Graduate selection step 5: Assessment centre

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Expect to be one of just 12 or so candidates left on the day.

At some banks, the series of second interviews is replaced or preceded by something altogether more challenging: an assessment centre.

Assessment centres involve a series of tests that are intended to allow banks to scrutinise how people would perform at work, and typically include another interview, a numeracy test, role play, group exercises, a group discussion and a presentation.

The most challenging part of the assessment centre is the group discussion. About six candidates are given a set amount of time to solve a problem together. The aim is to assess team-building skills, which can be a problem for assertive would-be bankers. "Some people are not inclusive and don't encourage the quieter ones to join the discussion," says Karen McKinley, head of graduate recruitment at Royal Bank of Scotland (RBS). "They talk over them and prevent them from participating."

In the team-oriented world of investment banking, this is a no-no. John Sponton and Stewart Wright, authors of the book Succeeding at Assessment Centres in a Week, offer some advice on how to curb alpha male (or alpha female) instincts. They include: don't interrupt; don't monopolise the conversation; do address other people by their first names; and do invite them to contribute.

The conundrums you're given will relate to the area of the bank you're applying to. Role plays are often used to assess the abilities of potential equity or bond sales people. One recruiter says case studies for would-be corporate financiers might involve a company trying to raise money to finance an acquisition. Equipped with information on its balance sheet, candidates could be asked to judge the best way for it to raise funds. "We will be asking people to make a considered decision," she says. "Evidence of a logical thought process is more important than getting it right."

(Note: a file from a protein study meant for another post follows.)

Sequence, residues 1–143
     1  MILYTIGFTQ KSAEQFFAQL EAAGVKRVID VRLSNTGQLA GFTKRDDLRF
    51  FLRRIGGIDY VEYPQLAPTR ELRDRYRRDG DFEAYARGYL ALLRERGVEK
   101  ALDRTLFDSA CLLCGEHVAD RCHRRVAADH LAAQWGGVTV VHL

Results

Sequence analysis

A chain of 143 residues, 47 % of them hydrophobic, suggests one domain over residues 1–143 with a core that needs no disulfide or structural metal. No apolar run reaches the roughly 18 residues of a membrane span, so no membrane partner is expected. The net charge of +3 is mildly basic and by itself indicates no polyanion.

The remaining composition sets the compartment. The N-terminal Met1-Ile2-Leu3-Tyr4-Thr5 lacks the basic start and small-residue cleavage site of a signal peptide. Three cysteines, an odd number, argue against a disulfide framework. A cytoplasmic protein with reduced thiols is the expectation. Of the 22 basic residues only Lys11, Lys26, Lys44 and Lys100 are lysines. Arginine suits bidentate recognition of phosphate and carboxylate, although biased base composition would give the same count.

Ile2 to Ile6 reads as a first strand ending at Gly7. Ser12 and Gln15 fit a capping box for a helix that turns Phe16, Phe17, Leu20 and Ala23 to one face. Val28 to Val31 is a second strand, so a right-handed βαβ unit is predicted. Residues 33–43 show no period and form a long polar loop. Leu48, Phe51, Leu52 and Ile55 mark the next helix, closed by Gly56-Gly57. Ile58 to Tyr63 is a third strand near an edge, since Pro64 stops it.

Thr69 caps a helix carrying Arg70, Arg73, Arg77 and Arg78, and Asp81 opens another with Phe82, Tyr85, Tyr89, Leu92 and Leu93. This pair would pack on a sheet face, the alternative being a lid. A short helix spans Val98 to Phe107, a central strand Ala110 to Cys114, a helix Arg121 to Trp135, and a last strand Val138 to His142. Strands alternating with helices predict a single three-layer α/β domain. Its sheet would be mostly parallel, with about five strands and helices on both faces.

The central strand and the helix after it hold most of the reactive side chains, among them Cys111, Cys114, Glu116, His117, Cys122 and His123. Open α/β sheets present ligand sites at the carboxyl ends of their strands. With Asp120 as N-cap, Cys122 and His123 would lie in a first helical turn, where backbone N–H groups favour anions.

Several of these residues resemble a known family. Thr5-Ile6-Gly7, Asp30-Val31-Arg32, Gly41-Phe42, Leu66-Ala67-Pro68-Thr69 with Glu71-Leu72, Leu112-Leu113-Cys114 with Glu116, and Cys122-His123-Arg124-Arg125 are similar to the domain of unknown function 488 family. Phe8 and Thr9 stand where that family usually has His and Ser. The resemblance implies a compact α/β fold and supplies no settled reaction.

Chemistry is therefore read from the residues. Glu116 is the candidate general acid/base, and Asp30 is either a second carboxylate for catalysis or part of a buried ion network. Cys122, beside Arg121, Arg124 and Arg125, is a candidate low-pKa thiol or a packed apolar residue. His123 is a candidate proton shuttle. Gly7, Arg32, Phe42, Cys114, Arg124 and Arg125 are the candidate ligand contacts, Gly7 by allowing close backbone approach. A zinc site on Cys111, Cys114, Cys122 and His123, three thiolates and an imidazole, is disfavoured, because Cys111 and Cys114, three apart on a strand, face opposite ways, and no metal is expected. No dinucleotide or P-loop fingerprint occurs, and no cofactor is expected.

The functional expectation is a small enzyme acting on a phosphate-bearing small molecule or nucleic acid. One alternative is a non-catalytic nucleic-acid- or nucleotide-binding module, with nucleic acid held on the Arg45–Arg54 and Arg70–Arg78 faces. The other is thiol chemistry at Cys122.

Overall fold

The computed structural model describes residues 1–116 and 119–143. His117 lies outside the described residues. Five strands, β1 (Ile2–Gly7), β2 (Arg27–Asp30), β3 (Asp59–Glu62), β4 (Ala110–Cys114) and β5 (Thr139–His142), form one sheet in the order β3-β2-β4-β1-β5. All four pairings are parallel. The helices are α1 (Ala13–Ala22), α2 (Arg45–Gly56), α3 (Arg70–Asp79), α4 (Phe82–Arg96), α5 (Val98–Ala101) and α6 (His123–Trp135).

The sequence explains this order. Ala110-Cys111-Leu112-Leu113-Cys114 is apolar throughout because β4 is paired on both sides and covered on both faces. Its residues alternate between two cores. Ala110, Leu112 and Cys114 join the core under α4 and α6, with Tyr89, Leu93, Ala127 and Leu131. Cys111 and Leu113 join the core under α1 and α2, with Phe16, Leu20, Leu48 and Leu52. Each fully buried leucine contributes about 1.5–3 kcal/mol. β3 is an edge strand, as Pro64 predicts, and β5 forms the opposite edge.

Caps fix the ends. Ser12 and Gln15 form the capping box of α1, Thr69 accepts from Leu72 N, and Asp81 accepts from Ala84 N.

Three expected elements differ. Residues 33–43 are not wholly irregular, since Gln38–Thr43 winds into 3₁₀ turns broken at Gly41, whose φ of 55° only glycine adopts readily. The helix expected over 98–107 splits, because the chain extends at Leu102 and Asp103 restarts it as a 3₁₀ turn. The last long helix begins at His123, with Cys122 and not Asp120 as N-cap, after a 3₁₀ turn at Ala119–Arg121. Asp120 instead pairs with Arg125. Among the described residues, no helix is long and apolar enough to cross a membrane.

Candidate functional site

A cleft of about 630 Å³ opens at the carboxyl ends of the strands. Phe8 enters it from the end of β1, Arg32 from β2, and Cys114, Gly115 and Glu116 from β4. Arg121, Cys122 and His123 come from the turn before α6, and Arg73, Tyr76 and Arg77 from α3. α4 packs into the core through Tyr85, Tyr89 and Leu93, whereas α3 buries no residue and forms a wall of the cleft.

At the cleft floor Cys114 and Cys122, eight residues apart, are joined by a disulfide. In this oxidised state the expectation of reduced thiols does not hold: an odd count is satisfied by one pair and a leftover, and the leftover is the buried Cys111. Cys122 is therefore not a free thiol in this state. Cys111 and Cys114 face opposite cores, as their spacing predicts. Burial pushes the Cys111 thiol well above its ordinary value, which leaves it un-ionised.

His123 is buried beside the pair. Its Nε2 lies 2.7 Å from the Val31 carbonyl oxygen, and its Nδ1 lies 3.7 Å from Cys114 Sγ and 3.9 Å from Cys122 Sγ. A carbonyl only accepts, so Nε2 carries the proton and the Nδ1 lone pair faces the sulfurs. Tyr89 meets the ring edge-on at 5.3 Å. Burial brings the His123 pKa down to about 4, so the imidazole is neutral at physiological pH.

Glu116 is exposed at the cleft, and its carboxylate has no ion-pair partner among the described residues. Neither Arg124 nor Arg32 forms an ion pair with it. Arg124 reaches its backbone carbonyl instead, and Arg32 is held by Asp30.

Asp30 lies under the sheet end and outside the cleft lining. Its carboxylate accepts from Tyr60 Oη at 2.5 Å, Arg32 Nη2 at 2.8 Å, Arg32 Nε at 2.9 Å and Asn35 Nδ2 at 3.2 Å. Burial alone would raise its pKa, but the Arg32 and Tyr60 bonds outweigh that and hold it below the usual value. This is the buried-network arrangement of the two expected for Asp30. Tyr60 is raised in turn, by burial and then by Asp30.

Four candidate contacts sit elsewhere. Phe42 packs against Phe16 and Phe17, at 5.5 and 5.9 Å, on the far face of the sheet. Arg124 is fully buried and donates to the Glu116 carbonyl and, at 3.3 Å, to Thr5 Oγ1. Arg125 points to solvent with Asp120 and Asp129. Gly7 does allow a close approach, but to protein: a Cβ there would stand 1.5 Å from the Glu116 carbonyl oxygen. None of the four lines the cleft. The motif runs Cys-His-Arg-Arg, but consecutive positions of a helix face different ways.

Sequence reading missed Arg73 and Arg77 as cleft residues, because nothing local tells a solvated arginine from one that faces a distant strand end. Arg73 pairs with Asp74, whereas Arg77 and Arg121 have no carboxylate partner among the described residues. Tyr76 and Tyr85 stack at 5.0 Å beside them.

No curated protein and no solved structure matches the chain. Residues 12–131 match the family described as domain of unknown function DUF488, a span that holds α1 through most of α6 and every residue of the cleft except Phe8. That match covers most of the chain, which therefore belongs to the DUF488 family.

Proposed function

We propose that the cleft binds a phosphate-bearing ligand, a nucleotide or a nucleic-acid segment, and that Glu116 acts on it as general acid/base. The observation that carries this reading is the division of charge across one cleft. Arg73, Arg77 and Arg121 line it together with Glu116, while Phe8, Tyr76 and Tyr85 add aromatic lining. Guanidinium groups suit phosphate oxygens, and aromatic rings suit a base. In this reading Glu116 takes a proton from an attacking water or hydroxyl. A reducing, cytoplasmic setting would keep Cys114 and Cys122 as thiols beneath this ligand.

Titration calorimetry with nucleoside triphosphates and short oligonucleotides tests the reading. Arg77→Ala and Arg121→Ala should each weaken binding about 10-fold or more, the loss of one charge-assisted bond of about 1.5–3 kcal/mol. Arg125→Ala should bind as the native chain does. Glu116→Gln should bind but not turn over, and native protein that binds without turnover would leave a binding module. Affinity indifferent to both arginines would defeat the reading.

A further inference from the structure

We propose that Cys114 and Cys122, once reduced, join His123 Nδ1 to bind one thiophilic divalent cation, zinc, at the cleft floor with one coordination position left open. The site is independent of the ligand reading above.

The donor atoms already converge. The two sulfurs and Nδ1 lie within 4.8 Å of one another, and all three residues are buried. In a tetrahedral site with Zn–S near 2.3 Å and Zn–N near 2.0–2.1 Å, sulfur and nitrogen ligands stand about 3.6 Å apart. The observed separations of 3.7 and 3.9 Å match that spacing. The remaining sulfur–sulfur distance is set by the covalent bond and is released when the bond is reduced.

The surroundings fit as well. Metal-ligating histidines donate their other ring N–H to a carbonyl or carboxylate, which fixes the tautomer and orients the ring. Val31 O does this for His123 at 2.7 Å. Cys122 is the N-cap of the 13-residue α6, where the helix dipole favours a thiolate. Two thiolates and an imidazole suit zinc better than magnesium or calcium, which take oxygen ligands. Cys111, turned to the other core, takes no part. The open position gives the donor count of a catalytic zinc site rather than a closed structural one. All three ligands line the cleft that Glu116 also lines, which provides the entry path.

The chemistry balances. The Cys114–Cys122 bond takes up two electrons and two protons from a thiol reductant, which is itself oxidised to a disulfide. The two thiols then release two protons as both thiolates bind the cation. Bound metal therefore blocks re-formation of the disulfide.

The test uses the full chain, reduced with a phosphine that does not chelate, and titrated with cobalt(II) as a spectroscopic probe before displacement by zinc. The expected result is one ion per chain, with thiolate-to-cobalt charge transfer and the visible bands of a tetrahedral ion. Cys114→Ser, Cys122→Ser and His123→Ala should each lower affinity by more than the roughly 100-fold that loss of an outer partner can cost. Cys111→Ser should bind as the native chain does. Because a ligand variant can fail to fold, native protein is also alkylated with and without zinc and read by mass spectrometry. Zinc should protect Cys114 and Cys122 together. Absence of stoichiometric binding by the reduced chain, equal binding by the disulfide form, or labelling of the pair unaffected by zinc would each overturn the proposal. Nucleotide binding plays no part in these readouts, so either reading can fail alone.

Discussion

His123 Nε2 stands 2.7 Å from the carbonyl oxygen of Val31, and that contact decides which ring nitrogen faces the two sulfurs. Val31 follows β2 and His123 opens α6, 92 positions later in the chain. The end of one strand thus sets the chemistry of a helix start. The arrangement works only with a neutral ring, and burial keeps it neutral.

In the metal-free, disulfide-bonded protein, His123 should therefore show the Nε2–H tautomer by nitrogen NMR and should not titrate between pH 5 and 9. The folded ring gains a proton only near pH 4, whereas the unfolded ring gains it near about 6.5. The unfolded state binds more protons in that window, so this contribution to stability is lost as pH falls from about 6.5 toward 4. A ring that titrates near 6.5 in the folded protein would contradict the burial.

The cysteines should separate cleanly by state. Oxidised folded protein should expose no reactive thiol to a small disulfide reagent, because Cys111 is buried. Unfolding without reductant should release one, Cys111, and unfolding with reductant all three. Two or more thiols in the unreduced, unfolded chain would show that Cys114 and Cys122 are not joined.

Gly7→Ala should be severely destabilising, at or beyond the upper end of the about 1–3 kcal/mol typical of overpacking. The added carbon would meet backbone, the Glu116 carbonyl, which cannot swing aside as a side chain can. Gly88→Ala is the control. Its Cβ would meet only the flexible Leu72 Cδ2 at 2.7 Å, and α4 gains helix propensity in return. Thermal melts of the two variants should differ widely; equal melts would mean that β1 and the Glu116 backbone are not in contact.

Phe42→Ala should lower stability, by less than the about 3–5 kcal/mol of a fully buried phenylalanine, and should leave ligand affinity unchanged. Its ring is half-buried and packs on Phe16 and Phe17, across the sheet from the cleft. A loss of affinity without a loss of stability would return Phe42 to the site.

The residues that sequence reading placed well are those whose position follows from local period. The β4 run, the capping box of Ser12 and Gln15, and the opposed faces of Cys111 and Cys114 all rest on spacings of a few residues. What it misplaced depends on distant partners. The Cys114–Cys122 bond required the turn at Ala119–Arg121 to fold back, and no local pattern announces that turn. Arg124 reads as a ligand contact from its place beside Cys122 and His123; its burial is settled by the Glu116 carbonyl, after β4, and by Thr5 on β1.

The presentation can also be a sticking point. McKinley of RBS says candidates are asked to analyse some data and use it to present a convincing argument around a particular point. The main failings include not identifying the salient points, presenting a weak argument (in a feeble voice) and changing your views when challenged.

Banks using assessment centres for at least some areas of their business include Royal Bank of Scotland, JP Morgan, Morgan Stanley and Deutsche Bank.

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